For most of the last year, Terrance and Frances Leighton went back and forth on whether the latest dry white wine from their Kalin Cellars winery was ready for release.
Finally, after tasting and re-tasting and making sure every trace of what Frances calls “bottle bitterness” had disappeared, they decided the wine was fit for public unveiling this month.
While other California wineries prepare to unleash their 2009-vintage whites, what the Leightons stewed over is a 1998 Livermore Valley Semillon, a wine already 12 years old. By the standards of Kalin Cellars, however, it’s a cooing infant. The winery’s current releases include a 1997 Potter Valley Reserve Sauvignon Blanc, a 1994 Pinot Noir, a 1995 Chardonnay and — grandmother of them all — a 1990 “Antiquity” Chardonnay.
“Actually, the best-drinking Semillon we have is 1980,” Terrance says. That wine, however, is no longer available for sale.
The Leightons have been making wine for 35 years, and from the start chose to buck what they saw as an emerging trend toward making wines quickly and consuming them young. “We could see already by the mid-1980s that people were starting to commit infanticide — drinking their wines before you could see what they could become,” Terrance says.
Like many other diligent winemakers, the Leightons take enormous care in selecting vineyard sites and yeasts. In the winery, they intervene only minimally in the natural process by which grape juice is transformed into wine (the Leightons do all of the winery work themselves). They induce secondary, malolactic fermentation, which vastly increases flavor components, and avoid filtering.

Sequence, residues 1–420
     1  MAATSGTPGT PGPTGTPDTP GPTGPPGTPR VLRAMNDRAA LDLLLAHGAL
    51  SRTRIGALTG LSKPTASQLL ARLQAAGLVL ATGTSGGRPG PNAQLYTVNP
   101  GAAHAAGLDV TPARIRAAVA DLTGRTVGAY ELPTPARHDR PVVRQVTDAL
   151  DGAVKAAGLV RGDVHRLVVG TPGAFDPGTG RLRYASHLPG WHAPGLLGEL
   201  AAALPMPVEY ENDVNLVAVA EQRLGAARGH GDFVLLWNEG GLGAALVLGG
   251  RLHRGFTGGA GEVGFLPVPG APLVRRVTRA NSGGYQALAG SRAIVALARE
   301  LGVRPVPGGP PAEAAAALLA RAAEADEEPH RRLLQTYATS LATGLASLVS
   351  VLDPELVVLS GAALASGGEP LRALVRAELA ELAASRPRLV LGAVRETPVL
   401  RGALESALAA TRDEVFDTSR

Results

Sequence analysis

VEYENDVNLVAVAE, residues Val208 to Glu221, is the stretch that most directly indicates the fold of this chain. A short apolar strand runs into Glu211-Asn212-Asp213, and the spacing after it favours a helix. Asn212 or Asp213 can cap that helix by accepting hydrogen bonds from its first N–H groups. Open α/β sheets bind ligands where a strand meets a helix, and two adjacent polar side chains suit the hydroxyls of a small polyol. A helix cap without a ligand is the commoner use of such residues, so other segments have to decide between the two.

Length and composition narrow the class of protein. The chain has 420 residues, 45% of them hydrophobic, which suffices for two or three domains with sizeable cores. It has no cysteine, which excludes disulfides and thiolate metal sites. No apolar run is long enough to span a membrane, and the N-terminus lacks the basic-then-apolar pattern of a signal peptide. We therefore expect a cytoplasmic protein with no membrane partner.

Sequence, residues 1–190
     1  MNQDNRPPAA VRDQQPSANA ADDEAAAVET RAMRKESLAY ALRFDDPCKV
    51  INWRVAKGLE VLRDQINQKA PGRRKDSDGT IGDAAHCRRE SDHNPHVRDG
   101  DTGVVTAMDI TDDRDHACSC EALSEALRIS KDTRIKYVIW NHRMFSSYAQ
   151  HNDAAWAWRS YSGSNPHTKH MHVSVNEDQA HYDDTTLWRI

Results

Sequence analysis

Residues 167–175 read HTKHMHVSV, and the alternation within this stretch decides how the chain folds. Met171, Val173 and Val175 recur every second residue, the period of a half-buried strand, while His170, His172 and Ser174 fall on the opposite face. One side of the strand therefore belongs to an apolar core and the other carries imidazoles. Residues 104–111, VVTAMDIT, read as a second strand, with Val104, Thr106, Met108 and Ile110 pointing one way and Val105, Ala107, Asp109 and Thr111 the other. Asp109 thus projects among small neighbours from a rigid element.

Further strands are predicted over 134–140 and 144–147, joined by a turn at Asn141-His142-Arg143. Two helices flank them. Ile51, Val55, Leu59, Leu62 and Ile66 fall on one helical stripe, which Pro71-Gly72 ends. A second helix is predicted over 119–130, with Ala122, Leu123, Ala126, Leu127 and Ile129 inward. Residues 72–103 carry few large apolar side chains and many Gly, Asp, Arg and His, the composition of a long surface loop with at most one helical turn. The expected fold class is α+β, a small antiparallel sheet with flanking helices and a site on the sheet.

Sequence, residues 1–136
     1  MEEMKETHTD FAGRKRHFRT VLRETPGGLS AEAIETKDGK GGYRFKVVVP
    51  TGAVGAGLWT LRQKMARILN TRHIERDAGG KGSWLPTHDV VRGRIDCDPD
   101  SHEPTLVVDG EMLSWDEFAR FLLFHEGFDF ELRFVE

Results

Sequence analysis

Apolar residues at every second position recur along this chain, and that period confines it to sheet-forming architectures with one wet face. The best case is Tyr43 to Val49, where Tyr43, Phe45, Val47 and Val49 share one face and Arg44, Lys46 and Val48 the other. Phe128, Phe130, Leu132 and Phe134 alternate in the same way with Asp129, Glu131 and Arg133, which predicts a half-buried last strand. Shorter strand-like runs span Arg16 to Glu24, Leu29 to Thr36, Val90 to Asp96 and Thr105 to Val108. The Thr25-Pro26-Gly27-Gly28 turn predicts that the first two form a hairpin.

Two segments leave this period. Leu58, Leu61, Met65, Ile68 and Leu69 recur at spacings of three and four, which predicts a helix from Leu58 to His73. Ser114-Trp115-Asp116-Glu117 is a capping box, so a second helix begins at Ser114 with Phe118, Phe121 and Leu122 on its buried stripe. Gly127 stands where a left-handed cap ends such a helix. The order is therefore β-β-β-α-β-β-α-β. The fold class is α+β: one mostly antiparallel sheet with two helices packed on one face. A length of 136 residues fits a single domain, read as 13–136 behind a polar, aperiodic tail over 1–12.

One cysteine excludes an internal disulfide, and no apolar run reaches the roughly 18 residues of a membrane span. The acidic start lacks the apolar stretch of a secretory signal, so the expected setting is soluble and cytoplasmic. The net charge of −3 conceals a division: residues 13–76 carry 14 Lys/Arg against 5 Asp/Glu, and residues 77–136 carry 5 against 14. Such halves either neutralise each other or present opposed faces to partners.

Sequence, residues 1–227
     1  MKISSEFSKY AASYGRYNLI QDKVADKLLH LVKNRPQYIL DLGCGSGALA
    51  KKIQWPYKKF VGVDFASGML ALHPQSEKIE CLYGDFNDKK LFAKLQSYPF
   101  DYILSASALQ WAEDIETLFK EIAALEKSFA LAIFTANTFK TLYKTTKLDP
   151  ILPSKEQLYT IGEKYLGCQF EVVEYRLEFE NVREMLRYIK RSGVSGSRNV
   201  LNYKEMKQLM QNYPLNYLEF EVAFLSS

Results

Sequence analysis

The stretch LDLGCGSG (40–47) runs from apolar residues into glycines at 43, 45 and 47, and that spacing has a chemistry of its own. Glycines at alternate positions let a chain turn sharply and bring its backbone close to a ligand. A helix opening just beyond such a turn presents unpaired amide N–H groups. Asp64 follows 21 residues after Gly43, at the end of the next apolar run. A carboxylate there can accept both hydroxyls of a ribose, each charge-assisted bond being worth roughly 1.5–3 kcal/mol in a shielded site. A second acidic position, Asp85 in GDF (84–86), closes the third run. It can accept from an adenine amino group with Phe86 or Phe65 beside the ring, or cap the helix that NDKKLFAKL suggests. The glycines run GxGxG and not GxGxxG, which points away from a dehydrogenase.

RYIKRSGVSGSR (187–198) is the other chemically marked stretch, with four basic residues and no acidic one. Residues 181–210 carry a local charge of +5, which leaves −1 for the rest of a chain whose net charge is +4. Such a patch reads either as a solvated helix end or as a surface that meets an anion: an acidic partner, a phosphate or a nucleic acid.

What really sets them apart, however, is the long — long — bottle aging they give their wines.
Their methods stand in sharp contrast to such modern techniques as blasting crushed grapes with loads of yeast to speed fermentation, or using stainless steel tanks or giving wine a brief visit in oak so it can be labeled “barrel fermented,” then bottling it and hustling it out the door so cash can start flowing in.
The care they take, the Leightons say, guarantees the extraordinary long life and development-ability of their wines. It also puts the lie to the persistent notion that California wines are inevitably puny agers.
A case in point is their Semillon, grown in the gravelly Livermore Valley between Oakland and San Jose. Semillon is a grape best known for producing Sauternes, but in Bordeaux it’s also vinified dry. Few California winemakers produce dry wine made primarily of Semillon. Most grow the varietal to blend with Sauvignon Blanc to help soften the latter’s edginess.